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  • Karine Constant (a1) and Marion Davin (a2)


This paper examines the relationship between environmental policy and growth when green preferences are endogenously determined by education and pollution. We consider an environmental policy in which the government implements a tax on pollution and recycles the revenue to fund pollution abatement activities and/or an education subsidy (influencing green behaviors). When the sensitivity of agents' environmental preferences to pollution and human capital is high, the economy can converge to a balanced growth path equilibrium with damped oscillations. We show that this environmental policy can both remove the oscillations, associated with intergenerational inequalities, and enhance the long-term growth rate. However, this solution requires that the revenue from the tax rate must be allocated to education and direct environmental protection simultaneously. We demonstrate that this type of mixed-instrument environment policy is an effective way to address environmental and economic issues in both the short and the long run.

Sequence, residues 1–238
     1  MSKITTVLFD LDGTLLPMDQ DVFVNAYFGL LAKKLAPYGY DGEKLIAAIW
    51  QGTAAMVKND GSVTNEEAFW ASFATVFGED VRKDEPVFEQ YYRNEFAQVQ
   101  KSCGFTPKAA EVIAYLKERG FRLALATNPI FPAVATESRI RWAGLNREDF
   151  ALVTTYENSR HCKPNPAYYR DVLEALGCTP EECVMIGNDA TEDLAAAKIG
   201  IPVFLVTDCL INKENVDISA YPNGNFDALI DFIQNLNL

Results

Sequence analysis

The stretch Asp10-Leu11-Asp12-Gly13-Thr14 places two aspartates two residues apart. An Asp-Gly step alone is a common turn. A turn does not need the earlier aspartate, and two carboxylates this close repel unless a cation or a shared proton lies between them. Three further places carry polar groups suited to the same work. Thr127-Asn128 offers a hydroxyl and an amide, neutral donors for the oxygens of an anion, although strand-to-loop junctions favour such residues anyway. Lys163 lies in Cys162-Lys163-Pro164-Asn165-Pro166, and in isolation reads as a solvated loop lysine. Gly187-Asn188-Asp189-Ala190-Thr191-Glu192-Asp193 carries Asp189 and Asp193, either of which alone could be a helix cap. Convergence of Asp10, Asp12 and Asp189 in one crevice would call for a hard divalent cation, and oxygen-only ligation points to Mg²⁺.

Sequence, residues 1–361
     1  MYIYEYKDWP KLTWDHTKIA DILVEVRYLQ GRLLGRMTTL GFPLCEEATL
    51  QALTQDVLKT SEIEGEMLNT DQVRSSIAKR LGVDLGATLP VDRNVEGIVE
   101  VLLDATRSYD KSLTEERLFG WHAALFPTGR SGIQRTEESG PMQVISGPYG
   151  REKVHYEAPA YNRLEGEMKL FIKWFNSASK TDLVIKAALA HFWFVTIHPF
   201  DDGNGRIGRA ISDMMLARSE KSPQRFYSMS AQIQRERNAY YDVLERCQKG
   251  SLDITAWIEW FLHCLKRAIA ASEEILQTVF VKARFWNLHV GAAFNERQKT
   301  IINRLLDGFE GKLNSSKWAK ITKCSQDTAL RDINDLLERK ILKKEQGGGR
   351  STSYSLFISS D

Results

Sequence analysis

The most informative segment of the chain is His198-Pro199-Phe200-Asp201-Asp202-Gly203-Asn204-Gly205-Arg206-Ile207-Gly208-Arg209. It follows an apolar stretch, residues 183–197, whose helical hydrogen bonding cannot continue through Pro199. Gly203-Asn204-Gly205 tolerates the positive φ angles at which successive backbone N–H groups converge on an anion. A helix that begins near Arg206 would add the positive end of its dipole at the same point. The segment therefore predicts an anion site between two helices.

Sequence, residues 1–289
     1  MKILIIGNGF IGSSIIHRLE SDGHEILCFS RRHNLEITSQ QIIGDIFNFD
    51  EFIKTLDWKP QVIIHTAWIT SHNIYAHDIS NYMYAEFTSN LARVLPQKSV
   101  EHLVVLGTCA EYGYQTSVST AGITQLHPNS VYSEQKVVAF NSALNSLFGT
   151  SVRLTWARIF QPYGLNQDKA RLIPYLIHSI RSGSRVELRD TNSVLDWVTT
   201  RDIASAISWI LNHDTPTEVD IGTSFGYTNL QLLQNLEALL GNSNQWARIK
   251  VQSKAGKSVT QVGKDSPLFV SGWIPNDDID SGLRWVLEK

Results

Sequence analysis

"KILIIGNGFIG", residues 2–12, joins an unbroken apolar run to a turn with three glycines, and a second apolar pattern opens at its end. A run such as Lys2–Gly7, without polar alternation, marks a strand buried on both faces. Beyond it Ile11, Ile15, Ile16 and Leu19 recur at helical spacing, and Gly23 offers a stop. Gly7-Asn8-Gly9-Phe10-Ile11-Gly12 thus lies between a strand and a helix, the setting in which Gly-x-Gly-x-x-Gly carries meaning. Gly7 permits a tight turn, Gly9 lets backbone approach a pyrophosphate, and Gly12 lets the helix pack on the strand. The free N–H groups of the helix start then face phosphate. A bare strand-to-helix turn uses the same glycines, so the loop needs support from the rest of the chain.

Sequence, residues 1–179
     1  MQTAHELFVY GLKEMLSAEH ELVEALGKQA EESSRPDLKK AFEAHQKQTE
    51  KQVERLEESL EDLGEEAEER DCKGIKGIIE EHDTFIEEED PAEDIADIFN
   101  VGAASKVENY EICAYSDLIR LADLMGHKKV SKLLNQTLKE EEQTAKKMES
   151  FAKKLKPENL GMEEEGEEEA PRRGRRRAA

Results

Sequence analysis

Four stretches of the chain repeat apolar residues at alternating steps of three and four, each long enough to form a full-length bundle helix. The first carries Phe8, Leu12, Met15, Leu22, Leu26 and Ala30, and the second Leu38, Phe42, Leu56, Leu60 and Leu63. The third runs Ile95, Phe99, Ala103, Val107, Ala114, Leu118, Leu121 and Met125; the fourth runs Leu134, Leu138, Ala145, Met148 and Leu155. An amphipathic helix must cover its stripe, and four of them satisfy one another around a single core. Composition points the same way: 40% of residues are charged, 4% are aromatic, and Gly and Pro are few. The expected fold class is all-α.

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Address correspondence to: Karine Constant, Université Paris Est, Erudite, UPEC, 61 avenue du Général de Gaulle, Mail des Mèches, F-94010 Créteil, France; e-mail:


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We would like to thank the editor and the two anonymous referees for their wise remarks. We are also grateful to Carine Nourry, Thomas Seegmuller, Mouez Fodha, Oded Galor, Natacha Raffin, Katheline Schubert, and Cees Withagen for their helpful comments and to the participants at the conferences OLG Days (2013, Clermont-Ferrand), LAGV (2013, Marseille), PET (2013, Lisbon), SURED (2014, Ascona), FAERE (2014, Montpellier), and of the seminar of UMR Economie Publique (2016, AgroParisTech – INRA). Supports from ANR GREEN-econ (ANR-16-CE03-0005) are acknowledged.



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  • Karine Constant (a1) and Marion Davin (a2)


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